• Always use the information you are given. If you are asked to find something or show a result out of seemingly nowhere, convince yourself that all of the information you need is in front of you: read it carefully and, once again, try to isolate key words and make links.
    • Check your answers make sense. If a straight line is positive for  x>0 and you find that at  x = 2 , the line has  y coordinate  <0 , then something has gone wrong.
    • Check your working as you go along. After a few lines, stop, read the question again, read your working again, checking for any silly errors, and continue. Checking your working as you go along is more likely to help you identify errors than at the end, where you may be rushing or reading your work at a 'glance'.
    • Curve sketching: show all of the information they have asked in the question. Students forget to give intersection points, or equations of asymptotes, and lose unnecessary marks. Read the question and answer it. Remember a curve crosses the  y axis when  x = 0 and it crosses the  x axis when  y = 0 .
    • For asymptotes, make sure your curve looks like it is approaching the asymptote. To find asymptotes, consider what will make the equation 'blow up', so the speak. Division by 0 is a key one: what values of  x and  y will result in division by 0? These will be your asymptotes because your curve simply cannot take these values. For example  y = \frac{1}{x+2} . If  x = -2 , you would have division by 0, so there is an asymptote there. If  y = 0 , you'd require division by 0, so that must also be an asymptote.
    • When transforming graphs, I used to remember the transformations in two ways. If I have  y = f(x) and my transformation is inside the bracket, i.e.  y = f(x+a), y=f(ax) , then the transformation affects the  x coordinates and does the opposite to what you think it'd do, i.e.  y=f(x+3) takes 3 away from  x coordinates, rather than adding 3 to them and  y = f(3x) divides the  x coordinates by 3, rather than multiplying them by 3. If the transformation is outside the bracket, then it affects the  y and does exactly what you think it would do. This is a bit hand-waivey, but it is a nice way to remember it.
    • Understand function notation and its link to transformations. If you are given the curve  y = f(x) = x^3 + 2 and want to find the curve that results from translating the curve + 3 units parallel to the x-axis, then you work out  f(x-3) = (x-3)^3 + 2 = ... , as I'm sure you can expand and find.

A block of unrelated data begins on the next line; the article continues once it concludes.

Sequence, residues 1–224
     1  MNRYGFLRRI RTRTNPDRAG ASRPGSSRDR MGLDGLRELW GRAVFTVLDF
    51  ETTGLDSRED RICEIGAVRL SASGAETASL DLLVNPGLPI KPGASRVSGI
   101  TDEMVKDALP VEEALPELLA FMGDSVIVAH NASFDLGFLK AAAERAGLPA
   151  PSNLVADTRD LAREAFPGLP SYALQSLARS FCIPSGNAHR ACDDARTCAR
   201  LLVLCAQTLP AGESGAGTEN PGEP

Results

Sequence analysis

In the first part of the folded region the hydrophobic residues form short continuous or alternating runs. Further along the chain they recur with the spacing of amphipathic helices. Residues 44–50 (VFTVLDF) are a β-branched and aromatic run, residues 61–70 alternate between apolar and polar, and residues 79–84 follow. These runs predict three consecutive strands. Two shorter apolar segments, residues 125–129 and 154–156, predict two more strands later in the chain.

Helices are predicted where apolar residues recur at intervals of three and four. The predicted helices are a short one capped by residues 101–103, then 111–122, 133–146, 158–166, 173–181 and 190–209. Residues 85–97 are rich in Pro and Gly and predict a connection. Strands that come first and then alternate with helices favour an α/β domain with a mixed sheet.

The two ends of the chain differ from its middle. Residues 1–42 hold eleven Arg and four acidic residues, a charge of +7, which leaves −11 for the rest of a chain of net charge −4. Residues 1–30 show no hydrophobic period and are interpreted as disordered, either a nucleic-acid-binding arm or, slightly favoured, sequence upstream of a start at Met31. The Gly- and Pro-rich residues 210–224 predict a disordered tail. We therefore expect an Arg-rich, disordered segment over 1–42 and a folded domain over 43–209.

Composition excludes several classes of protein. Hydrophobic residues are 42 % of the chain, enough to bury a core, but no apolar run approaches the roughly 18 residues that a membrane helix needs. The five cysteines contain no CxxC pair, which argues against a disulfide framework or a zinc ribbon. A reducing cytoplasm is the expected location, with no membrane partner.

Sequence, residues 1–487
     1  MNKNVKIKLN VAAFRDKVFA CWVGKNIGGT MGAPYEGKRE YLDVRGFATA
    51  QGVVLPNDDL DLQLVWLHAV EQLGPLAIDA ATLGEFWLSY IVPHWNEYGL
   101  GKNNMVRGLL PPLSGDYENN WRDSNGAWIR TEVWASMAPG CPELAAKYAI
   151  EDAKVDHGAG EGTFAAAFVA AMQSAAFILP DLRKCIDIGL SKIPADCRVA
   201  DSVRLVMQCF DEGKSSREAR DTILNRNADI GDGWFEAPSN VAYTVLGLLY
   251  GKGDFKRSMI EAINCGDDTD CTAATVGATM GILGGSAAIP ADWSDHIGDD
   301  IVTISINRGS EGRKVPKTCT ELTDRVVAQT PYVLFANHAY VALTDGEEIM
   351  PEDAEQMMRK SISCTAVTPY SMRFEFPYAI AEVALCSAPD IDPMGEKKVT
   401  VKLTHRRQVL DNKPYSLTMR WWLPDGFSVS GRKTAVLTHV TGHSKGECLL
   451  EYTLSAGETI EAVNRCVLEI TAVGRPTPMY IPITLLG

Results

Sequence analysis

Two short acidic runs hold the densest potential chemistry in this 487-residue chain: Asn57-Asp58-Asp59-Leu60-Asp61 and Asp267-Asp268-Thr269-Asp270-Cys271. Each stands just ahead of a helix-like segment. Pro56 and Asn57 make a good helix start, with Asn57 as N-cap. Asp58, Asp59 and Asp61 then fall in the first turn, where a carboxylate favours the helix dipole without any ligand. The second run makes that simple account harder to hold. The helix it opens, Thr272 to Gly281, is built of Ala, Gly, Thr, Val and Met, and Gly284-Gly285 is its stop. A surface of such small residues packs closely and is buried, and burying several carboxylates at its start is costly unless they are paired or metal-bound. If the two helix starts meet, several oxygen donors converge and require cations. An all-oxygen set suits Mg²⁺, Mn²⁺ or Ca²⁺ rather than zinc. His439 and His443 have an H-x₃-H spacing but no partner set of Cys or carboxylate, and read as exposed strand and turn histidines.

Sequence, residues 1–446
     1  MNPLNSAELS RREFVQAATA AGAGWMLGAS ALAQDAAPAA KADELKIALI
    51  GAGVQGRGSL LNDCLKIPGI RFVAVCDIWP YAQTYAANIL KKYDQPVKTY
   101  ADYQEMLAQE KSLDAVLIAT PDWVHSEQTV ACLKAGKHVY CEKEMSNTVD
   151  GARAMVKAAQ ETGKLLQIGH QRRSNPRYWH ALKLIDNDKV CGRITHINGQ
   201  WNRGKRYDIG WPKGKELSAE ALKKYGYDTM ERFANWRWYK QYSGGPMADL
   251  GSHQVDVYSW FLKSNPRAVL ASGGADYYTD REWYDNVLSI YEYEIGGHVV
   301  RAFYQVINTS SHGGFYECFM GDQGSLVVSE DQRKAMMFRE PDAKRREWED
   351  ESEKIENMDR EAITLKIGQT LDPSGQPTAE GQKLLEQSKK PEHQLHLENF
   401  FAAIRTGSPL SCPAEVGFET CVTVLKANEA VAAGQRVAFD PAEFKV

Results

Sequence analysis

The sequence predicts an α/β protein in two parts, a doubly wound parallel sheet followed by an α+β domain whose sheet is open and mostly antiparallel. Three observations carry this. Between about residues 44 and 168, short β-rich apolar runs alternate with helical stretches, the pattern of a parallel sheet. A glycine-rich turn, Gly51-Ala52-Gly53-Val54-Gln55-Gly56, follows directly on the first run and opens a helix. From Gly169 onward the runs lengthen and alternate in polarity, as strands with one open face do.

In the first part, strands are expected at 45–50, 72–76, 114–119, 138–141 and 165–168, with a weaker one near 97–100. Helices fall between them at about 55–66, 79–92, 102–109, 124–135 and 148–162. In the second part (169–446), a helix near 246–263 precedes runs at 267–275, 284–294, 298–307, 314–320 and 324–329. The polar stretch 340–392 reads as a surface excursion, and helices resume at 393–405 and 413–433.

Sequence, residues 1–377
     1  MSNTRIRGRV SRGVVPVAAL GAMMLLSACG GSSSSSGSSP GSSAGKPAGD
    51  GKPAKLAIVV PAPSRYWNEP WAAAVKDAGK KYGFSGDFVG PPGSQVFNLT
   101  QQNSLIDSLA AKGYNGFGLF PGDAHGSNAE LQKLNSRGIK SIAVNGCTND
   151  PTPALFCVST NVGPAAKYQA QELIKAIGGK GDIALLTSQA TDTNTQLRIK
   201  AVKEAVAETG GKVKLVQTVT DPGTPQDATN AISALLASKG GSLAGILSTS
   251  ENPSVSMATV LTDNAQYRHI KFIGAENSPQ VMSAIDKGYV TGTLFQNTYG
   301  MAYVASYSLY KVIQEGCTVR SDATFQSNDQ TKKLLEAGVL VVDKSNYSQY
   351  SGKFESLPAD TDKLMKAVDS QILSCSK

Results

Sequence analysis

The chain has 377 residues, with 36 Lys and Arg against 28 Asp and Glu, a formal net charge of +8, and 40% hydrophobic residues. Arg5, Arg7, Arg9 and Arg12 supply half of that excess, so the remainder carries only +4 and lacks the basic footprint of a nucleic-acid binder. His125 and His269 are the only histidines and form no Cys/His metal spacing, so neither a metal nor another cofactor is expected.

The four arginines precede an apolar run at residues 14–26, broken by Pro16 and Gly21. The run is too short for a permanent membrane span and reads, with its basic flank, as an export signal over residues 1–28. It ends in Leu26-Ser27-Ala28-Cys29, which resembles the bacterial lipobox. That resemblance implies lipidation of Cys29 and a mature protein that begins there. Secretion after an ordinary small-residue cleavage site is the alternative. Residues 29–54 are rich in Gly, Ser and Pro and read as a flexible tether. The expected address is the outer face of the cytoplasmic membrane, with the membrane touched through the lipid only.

• Don't overdue it tonight. Just go over key ideas, make sure you really understand the basic ideas and keep asking 'why'.


    Good luck! From everyone that works at CM, we hope you all do the best you can
    Very useful advice. Thank you crashMATHS, really appreciate it!
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    (Original post by Qer)
    the last min help
    how to draw 2/x+1 graph. i know it moves a unit to - x axis but it crosses the y axis , how to find that intersection
    To find where it intersects the y-axis let  x = 0
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    (Original post by negro)
    I'm 23 years old lol.

    I don't have exams.
    (Original post by anonymous0018)
    Spoiler:
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    then stop posting on this thread then:rolleyes:


    by the looks of thing you behave like a 3 years old- dont you have better things to do instead of being an imbecile and disturbing the people who wants to good in their lives, having dreams and preparing for exams- we dont want your *****y opinions- so go away and leave us alone @=negro;
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    (Original post by Philip-flop)
    To find where it intersects the y-axis let  x = 0
    I dont think they intersect as there should be an asymptote
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    What time is everyone going to sleep tonight?
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    (Original post by Philip-flop)
    What time is everyone going to sleep tonight?
    Dont do overnight revision or cramming it wont work - have a gd night rest (see what I did there haha) a good night rest and i am sure our hard work will pay off tomorrow
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    Name:  Screen Shot 2017-05-16 at 22.19.21.png
Views: 33
Size:  85.5 KBHow would you do 8 (c)
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    Mate your paper C is harder than C4.
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    *breathes out heavily* its going to be a long night. No chance of sleep. Good luck to all brothers in maths
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    (Original post by Shadowfire123)
    Dont do overnight revision or cramming it wont work - have a gd night rest (see what I did there haha) a good night rest and i am sure our hard work will pay off tomorrow
    Yeah, I'm actually thinking I should go to bed now or is that too early?


    (Original post by Rtdsv)
    Mate your paper C is harder than C4.
    You sitting A2 this exam period as well then?